The Court of Appeal agreed with the High Court that the court had no jurisdiction to grant such an indefinite stay. It therefore did not need to deal with the question as to whether had there been such jurisdiction it should use its discretion to exercise it.
What were the Court’s reasons?
- Under Article 21 CBIR, in order to grant appropriate relief, the relief (here: the extended stay) would need to be necessary to protect the interest of IBA’s creditors. However, at the time of the hearing, IBA was trading again, the restructuring plan had been effected in Azerbaijan and there was no further protection which the creditors needed in order for the foreign proceeding to achieve its purpose.
- It was material that IBA could have promoted a parallel scheme of arrangement in England - which is the ordinary way to deal with the issue posed by the rule in Gibbs - but chose not to do so.
- The power to grant appropriate relief in Article 21 CBIR is procedural – and if the power to grant a stay had been intended to override the substantive rights of creditors under the proper law governing their debts, this should have been made explicit in the CBIR. In Rubin v Eurofinance, the Supreme Court expressly stated that Article 21 was concerned with procedural matters. Indeed, the court here could not find anything in Article 21 to suggest that the procedural power to grant a stay could properly be used to circumvent the Gibbs rule.
- IBA was asking the court to sideline or circumvent the established common law rights of English creditors by appealing to the principle of modified universalism. This line of argument was no longer open as the Supreme Court had called time on this in Rubin, where it held that the principle of universalism cannot be used to justify a court granting an order that disregards provisions of English law in order to assist a foreign insolvency process.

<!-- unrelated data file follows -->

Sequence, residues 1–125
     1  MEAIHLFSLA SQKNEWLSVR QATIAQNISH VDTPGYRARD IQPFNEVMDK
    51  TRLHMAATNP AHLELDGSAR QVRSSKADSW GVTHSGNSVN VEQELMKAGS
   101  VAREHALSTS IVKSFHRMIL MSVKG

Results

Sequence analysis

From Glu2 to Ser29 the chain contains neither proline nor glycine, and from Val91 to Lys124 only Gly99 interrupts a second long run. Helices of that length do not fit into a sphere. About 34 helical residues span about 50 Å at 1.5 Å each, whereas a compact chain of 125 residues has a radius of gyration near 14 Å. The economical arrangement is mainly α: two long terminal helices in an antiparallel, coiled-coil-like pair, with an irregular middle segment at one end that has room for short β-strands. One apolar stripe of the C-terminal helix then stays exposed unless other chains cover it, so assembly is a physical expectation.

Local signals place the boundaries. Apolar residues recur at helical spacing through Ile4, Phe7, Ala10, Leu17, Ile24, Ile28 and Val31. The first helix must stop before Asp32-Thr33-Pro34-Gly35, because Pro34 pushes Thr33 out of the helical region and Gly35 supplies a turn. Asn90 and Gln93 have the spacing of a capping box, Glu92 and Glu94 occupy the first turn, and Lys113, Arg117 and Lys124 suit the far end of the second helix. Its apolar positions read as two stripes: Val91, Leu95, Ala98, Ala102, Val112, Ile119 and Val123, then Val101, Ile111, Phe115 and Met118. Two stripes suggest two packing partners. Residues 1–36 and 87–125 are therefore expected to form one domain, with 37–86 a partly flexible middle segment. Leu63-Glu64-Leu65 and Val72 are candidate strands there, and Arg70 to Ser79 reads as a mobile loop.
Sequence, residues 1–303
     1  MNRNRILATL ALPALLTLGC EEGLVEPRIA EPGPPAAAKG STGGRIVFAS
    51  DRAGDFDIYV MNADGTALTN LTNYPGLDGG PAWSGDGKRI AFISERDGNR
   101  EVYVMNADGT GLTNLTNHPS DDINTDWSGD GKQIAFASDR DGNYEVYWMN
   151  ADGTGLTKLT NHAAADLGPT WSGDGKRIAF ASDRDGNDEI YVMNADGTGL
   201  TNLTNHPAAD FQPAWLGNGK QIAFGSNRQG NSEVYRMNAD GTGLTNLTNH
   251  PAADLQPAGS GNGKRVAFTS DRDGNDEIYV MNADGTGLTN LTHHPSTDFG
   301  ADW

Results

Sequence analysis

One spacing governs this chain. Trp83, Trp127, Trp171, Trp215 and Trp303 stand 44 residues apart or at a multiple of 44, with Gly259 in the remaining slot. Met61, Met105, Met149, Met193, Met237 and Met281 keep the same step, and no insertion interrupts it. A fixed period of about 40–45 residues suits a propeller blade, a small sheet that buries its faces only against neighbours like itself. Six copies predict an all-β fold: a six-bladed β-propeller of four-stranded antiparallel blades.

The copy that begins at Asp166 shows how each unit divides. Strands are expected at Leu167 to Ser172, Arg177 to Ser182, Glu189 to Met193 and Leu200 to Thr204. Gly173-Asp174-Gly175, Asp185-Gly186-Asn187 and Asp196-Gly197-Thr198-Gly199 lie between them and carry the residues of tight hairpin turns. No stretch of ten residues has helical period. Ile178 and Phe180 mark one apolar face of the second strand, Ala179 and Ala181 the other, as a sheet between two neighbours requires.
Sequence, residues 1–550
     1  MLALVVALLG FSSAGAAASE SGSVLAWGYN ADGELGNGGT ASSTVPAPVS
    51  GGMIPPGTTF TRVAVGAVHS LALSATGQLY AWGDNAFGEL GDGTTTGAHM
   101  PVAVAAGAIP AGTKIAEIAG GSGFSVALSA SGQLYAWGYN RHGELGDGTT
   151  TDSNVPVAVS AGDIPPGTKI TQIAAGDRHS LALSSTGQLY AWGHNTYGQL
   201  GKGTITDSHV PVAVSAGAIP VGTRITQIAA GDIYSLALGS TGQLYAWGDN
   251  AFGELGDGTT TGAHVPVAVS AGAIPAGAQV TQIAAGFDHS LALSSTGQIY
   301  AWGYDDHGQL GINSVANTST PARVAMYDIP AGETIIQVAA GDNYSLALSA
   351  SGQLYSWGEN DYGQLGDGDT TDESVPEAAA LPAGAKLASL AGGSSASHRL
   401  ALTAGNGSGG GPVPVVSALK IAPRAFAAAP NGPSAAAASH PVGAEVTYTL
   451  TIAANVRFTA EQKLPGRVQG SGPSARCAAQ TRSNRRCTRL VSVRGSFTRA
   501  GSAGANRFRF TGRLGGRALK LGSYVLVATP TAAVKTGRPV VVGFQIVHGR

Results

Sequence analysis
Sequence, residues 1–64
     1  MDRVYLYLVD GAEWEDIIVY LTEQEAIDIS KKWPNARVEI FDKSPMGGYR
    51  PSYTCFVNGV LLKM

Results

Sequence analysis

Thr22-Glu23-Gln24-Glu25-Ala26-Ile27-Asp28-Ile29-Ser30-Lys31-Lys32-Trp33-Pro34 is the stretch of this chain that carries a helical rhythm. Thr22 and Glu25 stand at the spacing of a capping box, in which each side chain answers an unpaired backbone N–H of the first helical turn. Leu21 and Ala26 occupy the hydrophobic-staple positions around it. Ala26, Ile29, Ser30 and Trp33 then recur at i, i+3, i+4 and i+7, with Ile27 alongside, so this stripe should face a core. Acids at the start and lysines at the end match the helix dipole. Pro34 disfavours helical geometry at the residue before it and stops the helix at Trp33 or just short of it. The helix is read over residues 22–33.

- There is an important distinction between liquidations and schemes of reconstruction. In a liquidation the prime focus is on achieving a pari passu distribution and the company’s life will end. In a reconstruction the object is typically to change creditors’ rights and to achieve a survival of the company. There could be circumstances where it was appropriate to exercise powers under the CBIR so as to achieve the discharge or variation of English law rights in a way that is tantamount to the application of foreign law, but the example given was in the context of a liquidation where it might be appropriate for the court to remit assets located in England to a foreign liquidator.
- Lastly, relief under the CBIR should only be granted to continue while the foreign proceeding is ongoing - it would be absurd to extend relief when the proceeding is terminated. Here it should be noted that in response to this limb the Azeri legislators had modified the Azeri proceedings to stipulate that they would be ongoing for ever. The Court did not like this circumvention: “The reconstruction plan is being kept alive artificially, but as an insolvency proceeding it has served its purpose and run its course.”
Bringing it all back…. why is the case important?
The rule in Gibbs has attracted widespread criticism – the case is important as it underlines that Gibbs is still alive, liked or not. This means that if
a contract is governed by English law, then a party is not discharged from liability under that contract if there is a discharge in foreign insolvency proceedings unless the party submits to the foreign proceeding".